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Oak’s Environment Programme’s new five-year strategy: Energy

Environment Programme / Programme news / Energy

Nathan Argent takes a long, deep breath when asked if his decades-long work to end the age of fossil fuels has brought us closer to safeguarding our future on this planet.  “Oh we’re winning, no question. We’re just not winning fast enough. But that’s where the lessons of the past are incredibly useful as building blocks for this new approach.” Nathan is the Head of the Climate Programme at Oak. We spoke to him as part of this four-part series on Oak’s new five-year strategy. 

What humanity does in the next decade will determine whether our vision for a cleaner and safer future will become a reality. In March 2021, the efforts of a Europe-wide movement to halt coal production reached a milestone. French utility EDF announced the closure of the West Burton coal-fueled power plant in the north of England – one of only two coal-fired plants remaining in Britain. Half of Europe’s 324 coal-fueled power plants have now either closed or announced a retirement date before the end of this decade. Nathan Argent credits this victory to the alliance of civil society organisations across 27 European Union nations, the United Kingdom, the Western Balkans, and Turkey working to phase-out coal as part of the Europe Beyond Coal campaign.

According to Nathan, “the diversity of the campaign is its strength. Each group has a particular focus, be it finance, local community or national campaigning, strategic litigation, or strategic communications. Getting those strengths all working together is the major success story of the campaign.”

It wasn’t always so. Well-intentioned attempts to spark opposition to coal in the 80s and 90s often backfired when funders and organisations failed to fully consider the impact of these closures on communities for whom this industry was their cultural and economic lifeline. And, when environmentalism ignores the needs of the people, it’s inevitable that the people push back. “That is why we believe that it is so important to start with people at the centre of everything, and why justice and equity must be the outcomes of our climate strategies,” says Nathan.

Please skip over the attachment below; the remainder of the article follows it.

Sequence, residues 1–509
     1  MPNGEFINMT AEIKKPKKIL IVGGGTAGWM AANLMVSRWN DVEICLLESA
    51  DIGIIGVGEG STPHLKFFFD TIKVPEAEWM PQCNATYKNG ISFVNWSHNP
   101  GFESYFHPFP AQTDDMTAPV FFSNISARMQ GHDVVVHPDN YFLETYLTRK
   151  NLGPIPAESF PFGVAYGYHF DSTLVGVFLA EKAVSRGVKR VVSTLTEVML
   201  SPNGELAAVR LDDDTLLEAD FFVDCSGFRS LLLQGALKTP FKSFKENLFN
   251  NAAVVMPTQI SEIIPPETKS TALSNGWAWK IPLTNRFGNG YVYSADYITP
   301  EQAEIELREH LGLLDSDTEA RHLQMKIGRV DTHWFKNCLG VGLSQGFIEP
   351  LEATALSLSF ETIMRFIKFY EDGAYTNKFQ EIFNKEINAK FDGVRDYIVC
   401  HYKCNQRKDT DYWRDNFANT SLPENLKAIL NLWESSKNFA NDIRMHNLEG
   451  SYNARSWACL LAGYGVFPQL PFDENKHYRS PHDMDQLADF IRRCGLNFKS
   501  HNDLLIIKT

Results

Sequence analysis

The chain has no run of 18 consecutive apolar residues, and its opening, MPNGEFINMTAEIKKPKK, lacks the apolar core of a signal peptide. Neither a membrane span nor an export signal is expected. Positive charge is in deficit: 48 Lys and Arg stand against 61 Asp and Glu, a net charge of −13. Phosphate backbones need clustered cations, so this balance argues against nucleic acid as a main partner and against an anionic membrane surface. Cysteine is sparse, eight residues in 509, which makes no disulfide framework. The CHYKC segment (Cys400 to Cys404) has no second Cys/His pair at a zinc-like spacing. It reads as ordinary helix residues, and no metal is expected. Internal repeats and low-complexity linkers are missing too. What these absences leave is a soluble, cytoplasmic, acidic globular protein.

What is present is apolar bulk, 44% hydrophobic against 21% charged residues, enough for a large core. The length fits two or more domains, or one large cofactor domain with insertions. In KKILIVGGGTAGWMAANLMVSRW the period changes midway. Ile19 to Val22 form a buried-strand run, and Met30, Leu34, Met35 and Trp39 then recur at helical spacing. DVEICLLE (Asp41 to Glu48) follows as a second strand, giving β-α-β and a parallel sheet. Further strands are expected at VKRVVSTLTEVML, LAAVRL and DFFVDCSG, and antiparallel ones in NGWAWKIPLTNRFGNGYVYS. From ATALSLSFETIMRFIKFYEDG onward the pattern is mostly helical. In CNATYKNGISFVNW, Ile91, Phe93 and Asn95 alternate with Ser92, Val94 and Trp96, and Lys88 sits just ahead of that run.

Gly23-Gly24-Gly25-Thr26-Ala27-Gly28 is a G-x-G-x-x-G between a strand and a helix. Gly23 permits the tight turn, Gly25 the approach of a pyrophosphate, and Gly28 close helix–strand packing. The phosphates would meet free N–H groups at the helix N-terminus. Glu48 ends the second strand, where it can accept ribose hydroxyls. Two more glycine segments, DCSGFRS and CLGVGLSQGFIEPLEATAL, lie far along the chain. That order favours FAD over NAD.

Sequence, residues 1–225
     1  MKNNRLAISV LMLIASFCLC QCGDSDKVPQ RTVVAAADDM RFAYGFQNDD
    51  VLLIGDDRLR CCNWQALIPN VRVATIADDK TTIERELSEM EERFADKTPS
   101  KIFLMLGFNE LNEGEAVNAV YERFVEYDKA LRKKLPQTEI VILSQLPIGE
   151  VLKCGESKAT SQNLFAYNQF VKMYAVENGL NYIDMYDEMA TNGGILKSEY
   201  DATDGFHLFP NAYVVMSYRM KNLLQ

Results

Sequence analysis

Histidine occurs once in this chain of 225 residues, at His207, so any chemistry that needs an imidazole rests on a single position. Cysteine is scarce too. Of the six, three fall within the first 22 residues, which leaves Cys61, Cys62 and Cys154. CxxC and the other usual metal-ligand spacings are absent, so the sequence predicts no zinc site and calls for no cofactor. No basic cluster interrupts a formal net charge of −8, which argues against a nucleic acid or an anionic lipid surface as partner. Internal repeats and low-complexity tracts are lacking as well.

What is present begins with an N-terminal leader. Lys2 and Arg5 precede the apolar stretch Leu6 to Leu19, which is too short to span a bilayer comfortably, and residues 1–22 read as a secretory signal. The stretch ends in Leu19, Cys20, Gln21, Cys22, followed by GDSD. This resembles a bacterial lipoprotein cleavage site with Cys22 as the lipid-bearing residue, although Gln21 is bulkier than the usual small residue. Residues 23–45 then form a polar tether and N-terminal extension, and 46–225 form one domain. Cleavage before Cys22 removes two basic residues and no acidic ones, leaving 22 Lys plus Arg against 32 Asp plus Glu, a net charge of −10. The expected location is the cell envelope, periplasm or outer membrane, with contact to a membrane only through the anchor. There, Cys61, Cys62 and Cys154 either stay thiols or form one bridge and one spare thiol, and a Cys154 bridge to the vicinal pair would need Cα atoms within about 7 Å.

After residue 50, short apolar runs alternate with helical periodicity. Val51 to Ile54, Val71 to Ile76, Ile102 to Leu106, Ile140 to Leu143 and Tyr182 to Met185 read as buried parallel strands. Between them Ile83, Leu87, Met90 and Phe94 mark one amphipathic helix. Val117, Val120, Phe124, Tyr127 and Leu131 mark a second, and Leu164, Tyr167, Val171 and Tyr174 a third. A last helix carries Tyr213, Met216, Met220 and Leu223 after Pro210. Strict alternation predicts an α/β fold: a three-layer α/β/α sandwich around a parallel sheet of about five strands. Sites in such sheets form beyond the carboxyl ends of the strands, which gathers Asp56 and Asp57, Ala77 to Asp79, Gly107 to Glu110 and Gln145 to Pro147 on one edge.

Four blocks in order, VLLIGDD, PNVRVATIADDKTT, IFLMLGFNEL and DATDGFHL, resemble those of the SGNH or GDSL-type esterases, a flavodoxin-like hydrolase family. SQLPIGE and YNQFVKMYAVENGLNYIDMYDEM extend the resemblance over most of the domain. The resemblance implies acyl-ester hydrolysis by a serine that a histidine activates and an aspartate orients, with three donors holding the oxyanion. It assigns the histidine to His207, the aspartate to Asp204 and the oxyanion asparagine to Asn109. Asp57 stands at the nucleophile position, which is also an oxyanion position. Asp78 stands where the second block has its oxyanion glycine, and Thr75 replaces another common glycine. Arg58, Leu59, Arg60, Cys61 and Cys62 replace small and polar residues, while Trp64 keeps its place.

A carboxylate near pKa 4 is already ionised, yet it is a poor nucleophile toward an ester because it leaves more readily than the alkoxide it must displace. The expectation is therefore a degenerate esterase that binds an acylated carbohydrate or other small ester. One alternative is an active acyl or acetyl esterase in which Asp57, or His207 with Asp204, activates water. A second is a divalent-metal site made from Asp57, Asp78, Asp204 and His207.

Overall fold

“What’s exciting about the advances we’ve made in the coal campaign is how success builds power, which strengthens the movement’s muscle used as a model for so many of our other struggles, including Europe’s transition away from oil and gas, to end offshore exploration, and to rapidly reduce pollution from aviation.”

Alongside work to preserve endangered species in Africa and support local and Indigenous fisheries in the Pacific, the coal work in Europe was one more example that brought home the importance of  co-creating with the local movement leaders and local communities most impacted by change, a concept now solidly embedded in the new strategy.

Beyond energy work in Europe, our strategy also supports efforts to eliminate the mountains of unnecessary single-use plastic products, and reduce demand for virgin plastic.

Oak’s contributions to the founding of the #BreakFreeFromPlastic movement reinforced a number of lessons that put re-granting organisations close to the action, and helped chart a common path forward among a diverse range of aligned objectives. The movement today represents more than 11,000 groups and individuals united by a common strategy, whether their opposition to plastic waste is anchored in ocean health, climate concerns, air and groundwater pollution issues, or environmental justice for victims of plastic production and disposal.

“One of things I’m most excited about is the possibility of pulling together the multiple threads of our systems work to create a rich tapestry of action and impact,” says Nathan. “For example, “Our grantee partners that work on food in China have energy goals built into their work. Our support for the GoalBlue and Blue Map App projects contributed to ocean health as well as reducing climate pollution, creating cleaner skies and rivers, and improving human health and wellbeing.”

“Our focus now is to identify and wrench these powerful levers of change to shift the financial investment and the political economies that must deliver action. We will co-power people–led movements to deliver the pressure and accountability needed to break through the barriers laid before us by the incumbent fossil fuel industry and unlock the solutions needed to safeguard  our children’s future. It is the only way we will spark the unstoppable clean energy revolution that will allow our communities to thrive in a more prosperous, healthier, and inclusive way.”